It strikes me that you have been playing catch up all the way when seeking to build and use a shooting board.

It is meant to be a simple construction used with a simple plane. Technique is also important, but likely to be complicated by the need to adjust and control a skewed plane body.

What you might try doing is making a platform with an adjustable fence, and then securing it once adjusted square. That would get matters "straight".

Planing needs to be a gentle motion - not a slam-bang-thank-you-maam. Just place the place against the work piece and push it through. A sharp blade - SHARP! - does not require much force. Set the plane (#5?) with the blade quare to the sole. Adjust the frog to do this (it is usually off-square if the lateral lever is needed).

Regards from Perth

Derek
 
I always set the blades square whilst the plane is sat on the shooting board.
Are you comfortable with the setup and operation of a plane in normal use before introducing the shooting board ? Could be perhaps that you aren’t adjusting “in” when moving the blade, therefore first knock pushes the blade back for example ?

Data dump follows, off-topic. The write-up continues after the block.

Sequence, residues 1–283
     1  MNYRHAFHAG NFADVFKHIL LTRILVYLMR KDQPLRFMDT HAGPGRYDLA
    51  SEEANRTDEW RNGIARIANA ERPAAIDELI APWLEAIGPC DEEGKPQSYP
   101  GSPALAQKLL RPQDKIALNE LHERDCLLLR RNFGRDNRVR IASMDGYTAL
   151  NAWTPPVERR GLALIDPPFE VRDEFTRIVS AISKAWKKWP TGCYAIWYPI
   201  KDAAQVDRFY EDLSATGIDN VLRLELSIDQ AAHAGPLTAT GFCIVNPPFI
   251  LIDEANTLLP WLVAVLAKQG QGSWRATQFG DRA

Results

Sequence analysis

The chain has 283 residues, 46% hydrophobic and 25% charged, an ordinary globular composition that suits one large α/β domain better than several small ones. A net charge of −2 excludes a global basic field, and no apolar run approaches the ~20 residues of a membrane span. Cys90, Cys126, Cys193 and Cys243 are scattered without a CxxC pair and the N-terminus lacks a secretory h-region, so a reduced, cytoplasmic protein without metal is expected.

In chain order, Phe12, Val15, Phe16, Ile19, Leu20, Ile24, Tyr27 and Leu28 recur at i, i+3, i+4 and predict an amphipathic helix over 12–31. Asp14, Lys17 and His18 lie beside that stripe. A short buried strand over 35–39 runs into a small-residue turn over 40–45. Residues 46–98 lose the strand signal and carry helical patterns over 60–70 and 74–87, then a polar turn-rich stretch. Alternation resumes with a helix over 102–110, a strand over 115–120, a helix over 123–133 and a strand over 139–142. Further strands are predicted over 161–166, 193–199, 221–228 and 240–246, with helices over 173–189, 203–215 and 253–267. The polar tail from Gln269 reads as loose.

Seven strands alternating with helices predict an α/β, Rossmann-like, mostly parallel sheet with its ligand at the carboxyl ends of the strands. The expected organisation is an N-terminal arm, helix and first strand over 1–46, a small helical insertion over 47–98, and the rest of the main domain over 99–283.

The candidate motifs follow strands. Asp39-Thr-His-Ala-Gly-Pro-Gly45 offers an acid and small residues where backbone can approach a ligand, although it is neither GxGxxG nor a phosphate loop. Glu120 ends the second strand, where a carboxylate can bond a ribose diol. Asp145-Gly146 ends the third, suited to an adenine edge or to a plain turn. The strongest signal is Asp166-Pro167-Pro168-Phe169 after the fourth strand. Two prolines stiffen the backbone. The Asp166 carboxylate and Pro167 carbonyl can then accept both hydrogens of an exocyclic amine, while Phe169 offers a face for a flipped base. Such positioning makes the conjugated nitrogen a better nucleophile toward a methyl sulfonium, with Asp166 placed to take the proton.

I always starts with face/edge against my shooting board fence, then flip 180 after a few swipes, then back again.
To me good shooting is all about where you are putting your pressure, and having a super sharp plane. Unless the planes bottom is so significantly concave or convex you can see it by eye I wouldn’t worry about it too much for shooting.
Hand pressure (for me, having used various slightly dodgy shooting boards for a fair amount of time) is diagonal pressure with work holding hand. Don’t stick the component out by 3mm then try and plane it square, flush it then edge it out a tiny amount as the plane drives through.
With the plane I try and focus on getting good pressure straight down to the board. Too much pressure towards the component can produce a rock as the board starts to wear out (which of course it will due to the planes blade eating into its “track” or fence)
 
This is not gonna help you.....yet.